Investigations into Student Outcomes in Organic Chemistry Courses and Online Laboratory Environments, and Progress Toward the Synthesis of Asnovolin E
Organic Chemistry: Progress toward a total synthesis of the spiromeroterpenoid natural product asnovolin E is presented in Chapter 1 of this dissertation. Key features of our synthetic strategy include a Ti(III)-mediated cyclization of an epoxide, rhodium-catalyzed C−C bond cleavage of the resulting cyclobutanol, and the coupling of two carvone-derived cyclic fragments. This synthesis aims to provide efficient access to this biologically active natural product in a convergent fashion from an inexpensive chiral pool starting material, (R)-(−)-carvone. The synthesis and attempted coupling of several possible northern and southern fragments is described. In addition, the development of an acid-catalyzed Prins/semipinacol rearrangement cascade reaction of hydroxylated pinene derivatives which affords tricyclic fenchone-type scaffolds is reported. Quantum chemical analysis suggests that a post-transition state bifurcation exists following the Prins transition state, and the unusual selectivity for the fenchone-type scaffold is determined by nonstatistical dynamic effects.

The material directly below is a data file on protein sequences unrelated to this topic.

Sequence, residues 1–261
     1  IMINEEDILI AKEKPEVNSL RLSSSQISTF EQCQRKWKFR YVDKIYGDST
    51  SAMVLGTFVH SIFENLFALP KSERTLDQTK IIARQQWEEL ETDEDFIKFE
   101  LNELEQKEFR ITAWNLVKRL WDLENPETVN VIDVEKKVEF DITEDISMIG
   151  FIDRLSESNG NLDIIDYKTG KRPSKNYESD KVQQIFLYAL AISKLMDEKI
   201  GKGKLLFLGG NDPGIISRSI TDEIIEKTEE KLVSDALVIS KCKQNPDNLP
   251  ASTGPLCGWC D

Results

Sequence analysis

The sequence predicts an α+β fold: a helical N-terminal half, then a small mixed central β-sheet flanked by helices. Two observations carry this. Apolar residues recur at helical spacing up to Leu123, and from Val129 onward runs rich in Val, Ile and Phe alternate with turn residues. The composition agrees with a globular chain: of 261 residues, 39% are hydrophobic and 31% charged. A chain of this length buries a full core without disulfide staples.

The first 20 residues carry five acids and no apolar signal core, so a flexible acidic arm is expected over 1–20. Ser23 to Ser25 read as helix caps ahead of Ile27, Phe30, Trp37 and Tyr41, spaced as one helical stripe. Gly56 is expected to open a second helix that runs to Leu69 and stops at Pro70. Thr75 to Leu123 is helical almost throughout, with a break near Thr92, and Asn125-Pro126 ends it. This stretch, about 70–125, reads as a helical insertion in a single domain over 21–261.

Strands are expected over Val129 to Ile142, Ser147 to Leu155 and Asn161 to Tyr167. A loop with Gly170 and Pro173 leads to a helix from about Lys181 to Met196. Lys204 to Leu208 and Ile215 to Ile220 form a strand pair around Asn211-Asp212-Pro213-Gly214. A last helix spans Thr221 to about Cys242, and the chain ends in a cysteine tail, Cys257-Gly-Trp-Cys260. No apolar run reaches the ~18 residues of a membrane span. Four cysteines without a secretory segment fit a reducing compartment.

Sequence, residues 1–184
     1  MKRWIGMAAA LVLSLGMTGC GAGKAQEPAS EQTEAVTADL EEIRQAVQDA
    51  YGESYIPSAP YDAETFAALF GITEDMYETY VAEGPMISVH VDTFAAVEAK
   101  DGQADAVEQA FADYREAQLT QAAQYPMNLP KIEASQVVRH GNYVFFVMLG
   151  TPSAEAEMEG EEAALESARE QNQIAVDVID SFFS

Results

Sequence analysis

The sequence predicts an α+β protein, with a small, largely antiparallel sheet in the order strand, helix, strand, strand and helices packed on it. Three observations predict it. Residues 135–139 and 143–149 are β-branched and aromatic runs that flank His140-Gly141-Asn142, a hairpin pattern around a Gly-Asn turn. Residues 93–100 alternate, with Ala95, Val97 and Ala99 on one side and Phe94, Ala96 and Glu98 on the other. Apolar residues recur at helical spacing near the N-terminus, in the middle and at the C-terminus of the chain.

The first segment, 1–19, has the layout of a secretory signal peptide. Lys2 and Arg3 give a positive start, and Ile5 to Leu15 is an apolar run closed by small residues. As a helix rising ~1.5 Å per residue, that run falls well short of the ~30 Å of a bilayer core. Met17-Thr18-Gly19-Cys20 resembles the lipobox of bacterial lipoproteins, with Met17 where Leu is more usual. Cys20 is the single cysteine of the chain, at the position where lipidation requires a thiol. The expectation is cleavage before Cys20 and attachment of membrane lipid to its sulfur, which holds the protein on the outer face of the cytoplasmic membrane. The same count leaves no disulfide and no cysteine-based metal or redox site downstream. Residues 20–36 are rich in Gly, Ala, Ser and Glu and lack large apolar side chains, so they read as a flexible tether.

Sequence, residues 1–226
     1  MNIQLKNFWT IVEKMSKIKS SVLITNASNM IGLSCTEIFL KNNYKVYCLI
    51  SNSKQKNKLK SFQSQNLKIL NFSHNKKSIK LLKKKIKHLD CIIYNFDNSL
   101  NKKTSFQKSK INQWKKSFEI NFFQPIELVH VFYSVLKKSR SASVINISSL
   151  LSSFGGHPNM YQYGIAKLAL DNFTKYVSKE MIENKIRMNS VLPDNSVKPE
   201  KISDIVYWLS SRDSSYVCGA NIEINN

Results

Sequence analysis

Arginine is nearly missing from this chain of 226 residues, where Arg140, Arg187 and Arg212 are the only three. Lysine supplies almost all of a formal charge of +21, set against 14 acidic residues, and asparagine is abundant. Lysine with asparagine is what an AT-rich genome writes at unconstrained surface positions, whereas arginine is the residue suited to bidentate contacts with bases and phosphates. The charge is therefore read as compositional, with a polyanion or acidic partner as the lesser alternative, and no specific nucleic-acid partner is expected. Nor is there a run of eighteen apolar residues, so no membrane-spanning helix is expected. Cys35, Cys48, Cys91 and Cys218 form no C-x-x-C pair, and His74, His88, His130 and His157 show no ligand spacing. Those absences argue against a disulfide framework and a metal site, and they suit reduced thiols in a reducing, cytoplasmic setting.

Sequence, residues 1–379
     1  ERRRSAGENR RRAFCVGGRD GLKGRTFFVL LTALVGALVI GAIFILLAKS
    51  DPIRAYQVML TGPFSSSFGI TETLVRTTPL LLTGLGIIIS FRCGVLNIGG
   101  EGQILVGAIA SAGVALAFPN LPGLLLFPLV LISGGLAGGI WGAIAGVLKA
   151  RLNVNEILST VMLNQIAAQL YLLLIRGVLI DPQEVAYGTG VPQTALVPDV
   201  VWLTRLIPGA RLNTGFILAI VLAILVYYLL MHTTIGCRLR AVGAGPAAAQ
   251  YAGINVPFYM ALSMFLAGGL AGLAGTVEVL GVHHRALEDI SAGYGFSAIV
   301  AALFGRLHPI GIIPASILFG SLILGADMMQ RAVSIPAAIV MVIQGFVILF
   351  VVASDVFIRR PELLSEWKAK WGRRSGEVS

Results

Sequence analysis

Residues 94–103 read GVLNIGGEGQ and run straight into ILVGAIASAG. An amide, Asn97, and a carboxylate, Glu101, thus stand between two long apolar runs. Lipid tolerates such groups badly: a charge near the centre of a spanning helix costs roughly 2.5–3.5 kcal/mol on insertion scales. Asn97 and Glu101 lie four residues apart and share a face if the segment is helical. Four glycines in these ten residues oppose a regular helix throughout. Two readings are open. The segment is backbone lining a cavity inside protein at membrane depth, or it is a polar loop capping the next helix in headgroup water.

Chemical Education: The remaining chapters of this dissertation focus on various student outcomes in two settings: organic chemistry courses and online laboratory environments. In Chapter 2, our investigation into how and why students make use of strategies related to metacognitive regulation during the process of solving organic chemistry problems is described. Student usage of planning, monitoring, and evaluation strategies in the specific context of completing complex predict-the-product problems was measured using think-aloud interviews and self-report instruments. Student usage of the same strategies in the more general context of completing assignments for their organic chemistry courses was also assessed using a similar self-report instrument. Results were compared between students with different levels of experience and between more and less successful problem solvers. In both contexts, a positive relationship was observed between metacognitive regulation and problem-solving performance or course performance. The results of this investigation support the importance of teaching metacognitive problem-solving strategies in organic chemistry courses and suggest several methods for the assessment and instruction of metacognition. In Chapter 3, the design and evaluation of choose-your-own-adventure-style video-based online experiments developed for use in 11 different courses across UC Berkeley and UC Santa Cruz is discussed. Students’ and instructors’ impressions of the online experiments and student learning outcomes in online and traditional laboratory courses were assessed using surveys, focus groups, and interviews. Though most respondents did not agree that online laboratory instruction was as effective as in-person instruction, the majority agreed that the online experiments were clear and easy to follow, interesting and engaging, and helpful for learning about laboratory techniques. Many also mentioned several benefits of online laboratory instruction, including greater flexibility in scheduling and an increased focus on conceptual learning. Assessments of student learning suggested that students who took the course online learned as much conceptually as students who had previously completed the course in person. These results highlight the positive and negative aspects of different modes of laboratory instruction, which could help inform the design of future laboratory experiences.